Sleep, sail, thrive – crossing an ocean with two young boys and a baby.

A few people have asked us how we managed to keep the boat sailing 24-7 when there were just two of us to crew the boat, and three kids to look after. ‘When do we sleep?’ being the most common question. So, I’ll have a go at explaining, and perhaps help other sailors-with-kids to decide whether they want to go offshore at the same time.

How we have handled passages before

It’s worth mentioning the context first. On all of our long passages, crossing the Atlantic included, Charlotte has been breastfeeding. Added to that, we co-sleep (currently with Theo and Hector; though Arthur joins us every now-and-then), and Hector generally wakes up in short order if mummy isn’t next to him. For that matter, it’s only recently that Theo (now 3) sleeps for long with me rather than Charlotte. So, a traditional night-watch pattern of e.g. 4 hours on, 4 hours off, would be a huge wrench to the kids’ routine, and more likely than not leave us all grumpy and tired. Add in the fact that I LOVE night-sailing, and need less sleep than Charlotte, and it makes sense for me to take the majority of the night time watches.

On shorter offshore passages (crossing the Bay of Biscay, and from Rabat to Lanzarote) our method has been simple. I can manage pretty well for a few days on cat naps only, so have taken the whole night watch and slept in 20 minute blocks. I use a timer on a watch that buzzes after 20 minutes – then take a look around, do something else (e.g. trim a sail, make a cuppa, eat something, write the log), take another look around and then assuming it is safe to do so go back to sleep, resetting the watch. That works fine and could be easily be sustained over longer periods with the addition of a nap or two in the day.

Adapting to the Atlantic – sleep patterns

This is how we started out across the Atlantic too. But after a couple of days Charlotte wanted in on the night-time sailing fun. Hector sleeps most deeply in the first few hours of the night, so she took watch from say 9pm (when the small kids are asleep) through to between midnight and two-ish. If Hector wasn’t in the wrap with her, she generally had to pop down to feed him to sleep once, and then went to bed either the second time he woke or when she was too tired to read her kindle.

I would then take watch to whenever Theo and Hector woke Charlotte up (dawn – they are light activated at present). She got dressed and took over – after the first few days, even at dawn, it was plenty warm enough for the kids to be outside with her. So they sat outside and played/chatted as the sun rose while I popped downstairs for a nap. Once Arthur woke up Charlotte tried to feed them and keep them occupied for a while (e.g. with audio books) as well as looking after Hector and the boat. She’s good at that, so when conditions didn’t need more than a cursory watch I probably got another 2 hours of sleep. Unless Arthur woke me up to tell me “something exciting”, which as you can imagine I greatly appreciated.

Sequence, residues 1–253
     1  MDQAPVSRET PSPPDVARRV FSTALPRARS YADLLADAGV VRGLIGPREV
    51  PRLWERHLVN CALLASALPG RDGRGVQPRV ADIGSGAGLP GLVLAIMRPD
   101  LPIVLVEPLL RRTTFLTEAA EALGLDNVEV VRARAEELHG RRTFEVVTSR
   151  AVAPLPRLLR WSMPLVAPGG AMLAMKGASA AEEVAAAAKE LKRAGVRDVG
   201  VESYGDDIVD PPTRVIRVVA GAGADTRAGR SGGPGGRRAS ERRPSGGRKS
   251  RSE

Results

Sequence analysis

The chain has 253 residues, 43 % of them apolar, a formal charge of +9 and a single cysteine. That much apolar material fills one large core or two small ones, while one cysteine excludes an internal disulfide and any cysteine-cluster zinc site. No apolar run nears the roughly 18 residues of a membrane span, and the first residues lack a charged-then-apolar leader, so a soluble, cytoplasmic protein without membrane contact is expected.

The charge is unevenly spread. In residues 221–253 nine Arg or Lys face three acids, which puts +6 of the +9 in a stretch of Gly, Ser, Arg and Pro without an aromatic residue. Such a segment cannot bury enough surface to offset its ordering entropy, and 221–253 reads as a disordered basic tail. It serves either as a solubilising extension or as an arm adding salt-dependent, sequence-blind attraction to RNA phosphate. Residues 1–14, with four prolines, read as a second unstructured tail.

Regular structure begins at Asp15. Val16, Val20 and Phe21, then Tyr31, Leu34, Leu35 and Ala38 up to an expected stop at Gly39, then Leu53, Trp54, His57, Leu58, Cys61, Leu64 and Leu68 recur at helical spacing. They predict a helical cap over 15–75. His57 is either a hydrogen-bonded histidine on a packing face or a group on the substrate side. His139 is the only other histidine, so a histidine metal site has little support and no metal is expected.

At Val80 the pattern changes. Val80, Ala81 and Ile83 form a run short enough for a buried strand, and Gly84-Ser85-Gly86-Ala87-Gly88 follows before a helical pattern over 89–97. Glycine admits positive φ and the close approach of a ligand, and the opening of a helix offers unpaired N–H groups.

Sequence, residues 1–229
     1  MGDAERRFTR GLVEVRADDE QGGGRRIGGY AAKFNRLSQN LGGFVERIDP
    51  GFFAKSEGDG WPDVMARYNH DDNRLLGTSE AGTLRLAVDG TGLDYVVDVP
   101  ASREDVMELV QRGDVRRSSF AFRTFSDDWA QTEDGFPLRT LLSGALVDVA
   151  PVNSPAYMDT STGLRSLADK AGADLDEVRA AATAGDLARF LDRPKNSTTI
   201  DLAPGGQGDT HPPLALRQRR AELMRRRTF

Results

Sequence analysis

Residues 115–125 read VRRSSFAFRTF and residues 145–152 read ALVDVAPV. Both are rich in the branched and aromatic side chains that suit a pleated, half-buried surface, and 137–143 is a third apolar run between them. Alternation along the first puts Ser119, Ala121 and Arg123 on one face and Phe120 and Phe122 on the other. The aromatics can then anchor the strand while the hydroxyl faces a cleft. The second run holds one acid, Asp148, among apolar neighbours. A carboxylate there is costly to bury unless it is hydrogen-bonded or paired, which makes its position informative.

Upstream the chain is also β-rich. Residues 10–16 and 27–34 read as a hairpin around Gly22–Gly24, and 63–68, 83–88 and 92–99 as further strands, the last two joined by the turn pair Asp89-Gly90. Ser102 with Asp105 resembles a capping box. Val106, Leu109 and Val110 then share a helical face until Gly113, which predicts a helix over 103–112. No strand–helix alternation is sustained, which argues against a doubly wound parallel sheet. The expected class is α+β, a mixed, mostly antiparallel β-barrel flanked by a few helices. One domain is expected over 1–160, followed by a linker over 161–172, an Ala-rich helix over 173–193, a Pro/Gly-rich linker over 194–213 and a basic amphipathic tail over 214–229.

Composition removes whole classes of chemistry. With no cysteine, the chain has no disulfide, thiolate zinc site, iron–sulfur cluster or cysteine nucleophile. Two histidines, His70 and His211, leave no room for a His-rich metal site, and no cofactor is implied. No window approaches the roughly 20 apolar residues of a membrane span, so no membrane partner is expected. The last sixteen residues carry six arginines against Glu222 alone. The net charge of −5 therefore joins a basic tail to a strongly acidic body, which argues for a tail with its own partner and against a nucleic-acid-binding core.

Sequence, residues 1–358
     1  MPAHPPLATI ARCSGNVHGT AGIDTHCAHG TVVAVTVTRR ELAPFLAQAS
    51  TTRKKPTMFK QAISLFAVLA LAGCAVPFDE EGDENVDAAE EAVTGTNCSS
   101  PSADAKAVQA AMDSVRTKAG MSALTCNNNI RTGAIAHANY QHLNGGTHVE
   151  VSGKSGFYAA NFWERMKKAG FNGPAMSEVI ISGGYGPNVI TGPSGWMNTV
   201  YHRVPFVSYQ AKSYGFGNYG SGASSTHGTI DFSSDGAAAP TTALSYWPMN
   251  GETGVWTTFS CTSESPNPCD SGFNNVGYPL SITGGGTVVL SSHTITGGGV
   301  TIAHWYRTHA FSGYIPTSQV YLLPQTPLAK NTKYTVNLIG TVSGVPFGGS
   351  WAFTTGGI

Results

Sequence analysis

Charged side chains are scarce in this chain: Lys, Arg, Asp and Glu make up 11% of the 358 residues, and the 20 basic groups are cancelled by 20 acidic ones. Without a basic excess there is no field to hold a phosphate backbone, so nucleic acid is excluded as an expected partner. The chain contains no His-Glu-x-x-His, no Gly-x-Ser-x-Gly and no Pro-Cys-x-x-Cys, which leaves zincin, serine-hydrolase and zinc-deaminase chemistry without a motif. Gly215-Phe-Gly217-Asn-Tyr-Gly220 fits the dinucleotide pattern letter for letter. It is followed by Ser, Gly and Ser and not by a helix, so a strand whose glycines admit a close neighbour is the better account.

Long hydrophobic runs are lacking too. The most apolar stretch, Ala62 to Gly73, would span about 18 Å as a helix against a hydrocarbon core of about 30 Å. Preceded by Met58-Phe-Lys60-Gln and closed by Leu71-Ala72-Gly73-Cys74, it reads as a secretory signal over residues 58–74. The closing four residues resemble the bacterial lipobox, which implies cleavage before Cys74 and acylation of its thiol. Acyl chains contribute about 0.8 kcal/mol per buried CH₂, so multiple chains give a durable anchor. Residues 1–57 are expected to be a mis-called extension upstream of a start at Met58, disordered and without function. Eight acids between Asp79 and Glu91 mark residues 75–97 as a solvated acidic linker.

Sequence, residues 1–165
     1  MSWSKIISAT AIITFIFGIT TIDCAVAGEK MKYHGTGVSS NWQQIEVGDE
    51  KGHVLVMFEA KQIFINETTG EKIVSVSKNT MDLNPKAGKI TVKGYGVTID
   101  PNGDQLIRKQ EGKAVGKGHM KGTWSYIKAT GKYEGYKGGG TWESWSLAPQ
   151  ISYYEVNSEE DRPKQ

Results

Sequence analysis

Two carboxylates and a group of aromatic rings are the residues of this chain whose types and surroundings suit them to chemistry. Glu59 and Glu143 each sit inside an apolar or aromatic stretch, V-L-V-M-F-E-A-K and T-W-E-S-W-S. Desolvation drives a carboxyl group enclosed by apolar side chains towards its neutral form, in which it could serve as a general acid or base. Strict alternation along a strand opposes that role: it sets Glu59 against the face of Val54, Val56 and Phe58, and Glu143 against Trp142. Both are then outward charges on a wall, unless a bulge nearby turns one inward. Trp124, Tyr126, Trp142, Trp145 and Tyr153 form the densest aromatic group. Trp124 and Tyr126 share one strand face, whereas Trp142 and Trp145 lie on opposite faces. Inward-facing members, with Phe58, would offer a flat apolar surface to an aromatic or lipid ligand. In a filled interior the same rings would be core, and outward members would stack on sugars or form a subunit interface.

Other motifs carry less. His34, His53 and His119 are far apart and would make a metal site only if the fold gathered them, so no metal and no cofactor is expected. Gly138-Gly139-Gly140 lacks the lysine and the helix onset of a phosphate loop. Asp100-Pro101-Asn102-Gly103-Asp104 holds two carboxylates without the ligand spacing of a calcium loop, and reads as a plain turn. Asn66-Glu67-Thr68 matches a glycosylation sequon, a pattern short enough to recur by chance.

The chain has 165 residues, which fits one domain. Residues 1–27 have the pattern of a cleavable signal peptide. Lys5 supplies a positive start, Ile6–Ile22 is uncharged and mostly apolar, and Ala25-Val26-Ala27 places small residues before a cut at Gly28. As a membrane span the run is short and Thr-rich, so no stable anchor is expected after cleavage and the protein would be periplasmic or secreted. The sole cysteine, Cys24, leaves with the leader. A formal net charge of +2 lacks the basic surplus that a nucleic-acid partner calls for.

I actually found this routine much harder than the 20-minute naps all through the night, as after the first block of sleep I found napping much more difficult and being awake from c.1-7 doesn’t fit with my circadian rhythm, funnily enough. So, most days I also had another hour or so in bed, snatched whenever Hector had a deep enough nap. Meanwhile Arthur and Theo had ‘video time’ – normally Blue Planet or Planet Earth, sometimes Octonauts, very occasionally Cosmic Yoga – and Charlotte did domestic things and looked after the boat.

Watch pattern and sailing the boat

The rest of the day, we didn’t have a nominated “person on watch”. If either of us felt at all seasick, or tired, we went outside and sat at the helm for a while to refresh. Otherwise, we were just a family living in a boat while it sailed itself across an ocean. One of us would take a look around every 20 minutes or so – I don’t know why as we only saw three other boats on the crossing, but it would have felt neglectful not to. We both became pretty good judges of when the boat was speeding up, or the wind angle was changing our sail balance, or the waves were building/falling, and the many other things that indicate a change in conditions. When one of us felt like it was necessary, an adult went outside to see what was happening and if we needed to do something about it.

I should mention that whenever there isn’t someone on deck we have the mainsail reefed so that it would be happy with 5-10knots more wind than we currently have or is forecast (whichever is higher). The jib, we adjust to conditions but again, if we’re not paying much attention we tend towards the conservative. Virtually all of the steering, apart from on the last day, was done by the autopilot.